This will help determine whether the problem is with the motherboard or the hard disk.

5. Check for faulty or disconnected SATA cables

The hard disk will not detect BIOS if the data cable is defective. Therefore, check that the SATA cables are in good condition and that you have connected them correctly.

Also, examine the motherboard for bent or misaligned pins.

Check your hard disk manufacturer’s documentation to see if you are using the right type of cables.

For example, some manufacturers recommend using UDMA cabling for ATA drives.

These color-coded cables require proper guidance to establish a proper connection.

You can find the support documentation for your drive on the manufacturer’s website.

Also, try connecting an old DVD drive using SATA cables to the motherboard and see if it works.

If not, it is likely that the data cable is faulty. Try replacing the cable and see if that helps.

6. Check that the unit rotates

If your hard disk is not getting enough power or has no power, it will not spin up.

You can do a quick check to see if it is spinning and, if it isn’t, you have identified the cause of your mysterious error.

Just remember that this trick won’t work with solid-state drives, because they don’t have a platter that spins.

To check if power problems are preventing the BIOS from detecting the drive, try these steps:

  • Turn off the PC and check that it is completely switched off;
  • Then open the computer case and disconnect the data cable from the hard disk;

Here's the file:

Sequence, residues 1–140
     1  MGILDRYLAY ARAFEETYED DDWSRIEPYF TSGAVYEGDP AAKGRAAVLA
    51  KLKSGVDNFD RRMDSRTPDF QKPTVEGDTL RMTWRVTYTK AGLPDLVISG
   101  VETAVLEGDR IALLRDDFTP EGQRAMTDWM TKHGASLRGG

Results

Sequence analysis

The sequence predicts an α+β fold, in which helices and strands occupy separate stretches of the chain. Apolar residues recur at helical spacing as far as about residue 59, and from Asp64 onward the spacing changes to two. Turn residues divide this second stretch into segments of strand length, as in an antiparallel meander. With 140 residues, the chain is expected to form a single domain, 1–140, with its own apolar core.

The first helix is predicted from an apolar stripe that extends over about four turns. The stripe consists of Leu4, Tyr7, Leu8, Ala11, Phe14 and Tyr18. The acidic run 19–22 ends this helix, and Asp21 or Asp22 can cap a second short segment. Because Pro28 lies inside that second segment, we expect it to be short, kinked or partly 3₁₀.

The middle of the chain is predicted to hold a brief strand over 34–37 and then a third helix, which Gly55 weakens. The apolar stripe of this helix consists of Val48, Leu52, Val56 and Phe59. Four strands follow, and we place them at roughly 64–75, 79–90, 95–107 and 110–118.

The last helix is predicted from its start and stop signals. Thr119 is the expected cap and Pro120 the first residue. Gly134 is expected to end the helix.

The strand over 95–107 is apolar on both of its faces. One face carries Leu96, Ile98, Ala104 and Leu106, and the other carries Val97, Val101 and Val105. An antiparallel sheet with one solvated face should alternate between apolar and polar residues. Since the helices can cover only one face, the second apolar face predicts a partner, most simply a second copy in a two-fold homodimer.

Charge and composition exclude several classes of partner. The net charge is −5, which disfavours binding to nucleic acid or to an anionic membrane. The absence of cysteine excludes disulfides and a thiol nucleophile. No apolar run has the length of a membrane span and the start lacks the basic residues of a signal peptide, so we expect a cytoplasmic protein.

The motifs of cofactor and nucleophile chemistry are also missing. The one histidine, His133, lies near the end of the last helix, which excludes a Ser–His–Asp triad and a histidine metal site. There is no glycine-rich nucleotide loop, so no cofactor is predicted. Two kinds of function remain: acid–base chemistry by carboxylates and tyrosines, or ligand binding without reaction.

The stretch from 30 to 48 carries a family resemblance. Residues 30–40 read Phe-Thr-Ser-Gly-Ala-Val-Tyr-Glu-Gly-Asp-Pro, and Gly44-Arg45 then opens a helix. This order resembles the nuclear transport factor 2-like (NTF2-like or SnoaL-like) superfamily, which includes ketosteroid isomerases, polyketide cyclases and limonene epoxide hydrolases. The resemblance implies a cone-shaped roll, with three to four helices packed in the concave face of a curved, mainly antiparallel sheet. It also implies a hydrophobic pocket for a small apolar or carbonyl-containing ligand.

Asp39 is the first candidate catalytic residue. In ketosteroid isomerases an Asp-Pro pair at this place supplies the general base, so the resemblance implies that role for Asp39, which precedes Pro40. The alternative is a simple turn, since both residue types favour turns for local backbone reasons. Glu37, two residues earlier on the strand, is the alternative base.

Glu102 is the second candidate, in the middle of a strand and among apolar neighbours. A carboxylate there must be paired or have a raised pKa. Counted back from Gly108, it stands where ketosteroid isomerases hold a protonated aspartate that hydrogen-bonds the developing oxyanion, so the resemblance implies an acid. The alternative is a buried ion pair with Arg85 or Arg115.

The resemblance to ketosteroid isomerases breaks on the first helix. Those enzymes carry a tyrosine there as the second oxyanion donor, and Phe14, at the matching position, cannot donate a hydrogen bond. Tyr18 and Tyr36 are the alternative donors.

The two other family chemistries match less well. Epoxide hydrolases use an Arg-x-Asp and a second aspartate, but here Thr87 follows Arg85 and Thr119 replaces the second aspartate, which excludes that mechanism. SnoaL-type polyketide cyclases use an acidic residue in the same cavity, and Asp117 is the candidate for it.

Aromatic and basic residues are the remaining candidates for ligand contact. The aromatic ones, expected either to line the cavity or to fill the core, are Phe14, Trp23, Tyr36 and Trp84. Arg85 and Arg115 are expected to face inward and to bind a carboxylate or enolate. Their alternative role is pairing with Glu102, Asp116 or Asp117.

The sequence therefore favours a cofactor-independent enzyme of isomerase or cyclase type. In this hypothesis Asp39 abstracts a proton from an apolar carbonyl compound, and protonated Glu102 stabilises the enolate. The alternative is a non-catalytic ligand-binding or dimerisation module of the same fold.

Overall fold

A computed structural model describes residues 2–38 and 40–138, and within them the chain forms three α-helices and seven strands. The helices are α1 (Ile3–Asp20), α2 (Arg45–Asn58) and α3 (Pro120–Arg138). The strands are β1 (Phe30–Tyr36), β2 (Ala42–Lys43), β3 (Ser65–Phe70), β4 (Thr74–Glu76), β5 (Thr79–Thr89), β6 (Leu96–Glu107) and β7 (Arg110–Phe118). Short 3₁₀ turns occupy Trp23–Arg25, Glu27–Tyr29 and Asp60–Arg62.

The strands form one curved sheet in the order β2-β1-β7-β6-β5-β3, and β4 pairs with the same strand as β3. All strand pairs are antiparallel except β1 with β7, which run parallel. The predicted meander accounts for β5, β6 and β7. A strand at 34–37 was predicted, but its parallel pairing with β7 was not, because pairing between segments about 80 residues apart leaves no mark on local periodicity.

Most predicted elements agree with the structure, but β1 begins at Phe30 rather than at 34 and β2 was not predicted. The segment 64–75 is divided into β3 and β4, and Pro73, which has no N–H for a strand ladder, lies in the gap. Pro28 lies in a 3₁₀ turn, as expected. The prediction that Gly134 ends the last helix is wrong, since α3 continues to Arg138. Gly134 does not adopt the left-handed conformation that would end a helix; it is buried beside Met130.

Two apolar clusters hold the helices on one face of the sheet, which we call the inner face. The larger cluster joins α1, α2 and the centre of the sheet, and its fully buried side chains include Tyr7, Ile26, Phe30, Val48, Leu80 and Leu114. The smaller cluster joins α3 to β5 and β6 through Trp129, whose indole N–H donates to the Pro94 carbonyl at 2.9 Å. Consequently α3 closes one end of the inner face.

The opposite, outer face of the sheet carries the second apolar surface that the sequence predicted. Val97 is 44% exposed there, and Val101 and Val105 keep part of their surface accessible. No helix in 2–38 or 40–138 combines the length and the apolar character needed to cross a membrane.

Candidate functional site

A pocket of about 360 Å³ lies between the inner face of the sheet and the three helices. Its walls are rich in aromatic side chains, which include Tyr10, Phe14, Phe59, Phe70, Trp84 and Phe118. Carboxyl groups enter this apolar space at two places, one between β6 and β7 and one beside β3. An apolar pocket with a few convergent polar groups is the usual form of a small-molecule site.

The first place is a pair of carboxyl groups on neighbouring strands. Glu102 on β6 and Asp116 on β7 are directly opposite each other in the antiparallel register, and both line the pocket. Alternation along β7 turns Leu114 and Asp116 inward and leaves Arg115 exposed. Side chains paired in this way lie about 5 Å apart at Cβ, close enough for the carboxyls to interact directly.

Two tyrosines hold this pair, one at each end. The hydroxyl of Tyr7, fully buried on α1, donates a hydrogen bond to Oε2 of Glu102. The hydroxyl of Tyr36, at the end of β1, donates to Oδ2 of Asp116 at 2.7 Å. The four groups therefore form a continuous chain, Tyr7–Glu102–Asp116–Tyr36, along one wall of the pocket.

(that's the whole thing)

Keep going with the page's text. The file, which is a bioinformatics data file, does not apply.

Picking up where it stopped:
• Turn on the computer and check that the drive spins. If you feel a slight vibration to the touch, you can tell that it is spinning.

7. Use a bootable diagnostic tool to check disk integrity

You can use the specific hard disk diagnostic tools to perform an integrity check.

To do this:

  1. Download the tool and create a bootable drive;
  2. Boot from the drive and check that it detects your hard disk.

If the diagnosis doesn’t detect anything, you may have a faulty hard disk that needs to be replaced.

Recover data from an unrecognized hard disk

Some tools promise to recover data from an unrecognized hard drive.

However, recovering your data from an unrecognized hard drive may seem simple, but it involves technical knowledge and, when it fails, it can lead to the loss of your data – in some cases, even irreversibly.

For this reason, the most recommended method for carrying out this recovery is to hire the services of a company specializing in data recovery, such as Bot.

We have a tradition of more than a decade in the market and have highly trained professionals.


When your hard disk doesn’t detect in the BIOS, your hard disk may not be enabled, there may be a disk incompatibility with your motherboard or your Serial ATA Driver has been installed incorrectly.

Perhaps your data cables are defective or loosely connected, your hard disk may also be damaged or your jumpers settings on the drive may be incorrect.

To make the hard disk detectable in the BIOS, you can check if the hard disk is disabled in the BIOS, update the BIOS to the latest version or load the default BIOS settings.

Other alternatives are to check for defective or disconnected SATA cables, observe whether the drive spins or, finally, use a bootable diagnostic tool to check the integrity of the disk.

If none of this works, you can recover the data from the unrecognized hard drive and replace it.

To do this, the ideal is to turn to a company specializing in data recovery, such as Bot.

As well as recovering your data safely and providing a recovery quote within 48 hours, we can collect your device free of charge from any address in Portugal.

You can also take your device to any of our locations throughout the country.

Our support team operates 24 hours a day, 7 days a week on our social networks. We can therefore answer any questions you may have in real time.

Recover your data safely: start your recovery with us now and become one of our more than 100.000 success stories!